phayz's blog

…it's time for a new phayz of life

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HowTo: Create a simple, private online photo slideshow

TL;DR I can recommend PhotoSwipe to anyone who needs to create an online photo slideshow on their own web host.

I was recently asked to create an online photo slideshow. Despite being web savvy, I had never done anything like this so I asked my colleagues for suggestions. As a result I used PhotoSwipe, and found it was incredibly easy to get working. All I needed was a web host and access to upload the files which made up the slideshow application.

The steps required were:

  1. Download PhotoSwipe;
  2. Extract the contents of the PhotoSwipe zip file;
  3. Upload PhotoSwipe to a folder on the web host;
  4. Edit the index.html with the names of the images and configuration options;
  5. Upload the images.

Other hosted options such as Dropbox’s native slideshow option would have achieved a similar result but in my case I needed to keep the slideshow private.

Ayatana on Frugalware?

NOTE: This blog entry was published on Devil505’s blog, on 13 September 2010. With his permission I have translated it into English and republished it here.

Last week I started a sort of Frugalware Linux project, porting the Ubuntu project Ayatana. Simply put, the system includes Ayatana indication and reporting used by default on Ubuntu and the Unity menu for Ubuntu’s netbook version. You can find more information about Ayatana on the Ubuntu wiki.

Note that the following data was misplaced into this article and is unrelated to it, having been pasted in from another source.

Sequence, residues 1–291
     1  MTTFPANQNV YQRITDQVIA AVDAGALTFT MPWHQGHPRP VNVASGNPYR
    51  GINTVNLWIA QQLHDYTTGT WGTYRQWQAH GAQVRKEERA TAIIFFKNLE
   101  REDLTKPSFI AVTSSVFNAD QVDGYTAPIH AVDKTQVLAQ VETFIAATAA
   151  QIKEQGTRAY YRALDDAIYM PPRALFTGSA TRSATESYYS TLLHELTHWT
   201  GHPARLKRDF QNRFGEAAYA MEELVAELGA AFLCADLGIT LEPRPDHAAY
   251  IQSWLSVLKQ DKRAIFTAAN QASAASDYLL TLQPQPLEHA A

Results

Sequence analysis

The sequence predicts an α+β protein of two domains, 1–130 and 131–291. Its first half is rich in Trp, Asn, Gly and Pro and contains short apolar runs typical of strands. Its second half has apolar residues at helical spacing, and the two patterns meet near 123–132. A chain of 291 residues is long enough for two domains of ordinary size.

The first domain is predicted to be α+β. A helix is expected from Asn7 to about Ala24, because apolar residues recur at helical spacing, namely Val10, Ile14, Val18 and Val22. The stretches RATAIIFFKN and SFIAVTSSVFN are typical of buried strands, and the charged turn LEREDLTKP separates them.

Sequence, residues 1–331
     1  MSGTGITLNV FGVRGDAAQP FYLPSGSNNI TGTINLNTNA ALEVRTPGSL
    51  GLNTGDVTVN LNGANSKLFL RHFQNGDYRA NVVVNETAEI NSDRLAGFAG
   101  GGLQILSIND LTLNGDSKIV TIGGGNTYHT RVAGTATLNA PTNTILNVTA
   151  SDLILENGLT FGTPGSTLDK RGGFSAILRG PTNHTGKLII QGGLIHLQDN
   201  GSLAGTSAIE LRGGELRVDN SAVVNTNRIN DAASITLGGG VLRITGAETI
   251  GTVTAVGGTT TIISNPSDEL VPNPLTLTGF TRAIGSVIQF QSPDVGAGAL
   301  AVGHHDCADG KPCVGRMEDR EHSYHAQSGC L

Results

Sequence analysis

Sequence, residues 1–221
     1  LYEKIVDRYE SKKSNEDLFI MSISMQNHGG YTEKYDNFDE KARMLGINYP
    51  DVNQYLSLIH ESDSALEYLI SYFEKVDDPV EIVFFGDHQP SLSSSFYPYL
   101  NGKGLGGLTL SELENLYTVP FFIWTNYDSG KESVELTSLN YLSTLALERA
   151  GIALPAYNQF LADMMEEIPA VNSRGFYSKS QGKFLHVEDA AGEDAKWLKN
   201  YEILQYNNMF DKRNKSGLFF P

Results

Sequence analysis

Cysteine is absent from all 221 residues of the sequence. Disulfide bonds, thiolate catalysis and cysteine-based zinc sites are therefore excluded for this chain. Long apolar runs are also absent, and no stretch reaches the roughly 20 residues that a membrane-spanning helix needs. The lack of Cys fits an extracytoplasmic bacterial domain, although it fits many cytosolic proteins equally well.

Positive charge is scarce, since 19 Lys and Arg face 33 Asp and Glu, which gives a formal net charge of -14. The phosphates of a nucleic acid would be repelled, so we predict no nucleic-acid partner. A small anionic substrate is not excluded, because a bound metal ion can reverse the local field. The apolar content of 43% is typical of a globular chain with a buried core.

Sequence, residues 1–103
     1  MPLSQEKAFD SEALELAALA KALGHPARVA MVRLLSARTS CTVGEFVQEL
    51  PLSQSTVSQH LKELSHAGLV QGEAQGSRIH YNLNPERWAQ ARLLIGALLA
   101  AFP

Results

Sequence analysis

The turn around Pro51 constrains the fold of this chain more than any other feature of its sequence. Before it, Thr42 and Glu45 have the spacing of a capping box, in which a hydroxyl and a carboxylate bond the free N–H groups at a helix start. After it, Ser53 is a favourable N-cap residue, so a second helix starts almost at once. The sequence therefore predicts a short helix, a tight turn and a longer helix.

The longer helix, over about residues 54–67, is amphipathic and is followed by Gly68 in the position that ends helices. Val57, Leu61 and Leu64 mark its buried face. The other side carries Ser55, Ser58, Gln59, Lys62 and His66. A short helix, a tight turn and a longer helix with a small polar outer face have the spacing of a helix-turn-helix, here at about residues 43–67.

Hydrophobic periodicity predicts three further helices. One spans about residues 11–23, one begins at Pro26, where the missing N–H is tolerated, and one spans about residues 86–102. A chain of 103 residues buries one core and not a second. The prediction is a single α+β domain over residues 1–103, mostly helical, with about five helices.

I first followed Arch Linux by focusing on the indication system. I don’t want to make Frugalware like Ubuntu but I found some interesting parts of Ayatana so I thought, why not make them available to Frugalware’s users? The indicator-applet package is available in the ‘current’ repository, together with indicator-me, indicator-messages, indicator-monitor, indicator-session, indicator-sound and xchat-indicator. Below are screenshots which illustrate some of the indicators in action.

I do not certify that it works 100% because certain things like new mail notification are not fully developed. Sound control works if you use pulseaudio. indicator-me is able to import my email accounts from Pidgin.

I am currently using versions also used by Ubuntu Lucid (Updates) for more stability. The versions used by Ubuntu Maverick would require me to update the Ido library to version 0.1.11 and that’s just not feasible at the moment.



It’s not yet been decided if notification-daemon will be replaced by notify-osd. Admittedly notification-daemon has not really evolved since the last commit date of 2009. To my knowledge, no distro (besides Ubuntu and its derivatives) has officially abandoned notification-daemon for notify-osd’s benefits. Bouleetbil, the maintainer of GNOME in Frugalware would not consider this change at the moment, but the debate remains open. Some parts of GNOME need to be patched to use notify-osd and Frugalware’s policy is to avoid unofficial patches where possible. 

In the meantime, you can test notify-osd test this way:

# pacman-Rd notification-daemon
# pacman-U…

If you want to revert to using notification-daemon, uninstall notify-osd with pacman-Rd and then reinstall notification-daemon.


When it comes to Unity, I’ll leave that aside for now.

Thankyou, but I don’t want touchscreen support for my PC

Recently, Frugalware developer Devil505 packaged libraries such as utouch-grail (Gesture Recognition And Instantiation Library) and utouch-geis (Implementation of the Gesture Engine Interface and Support interface). If I understand correctly, these provide underlying support for touchscreens. I appreciate Devil505’s efforts because providing support for touch screens for those who have them simply makes sense. However I won’t be installing them, even when I buy a touchscreen.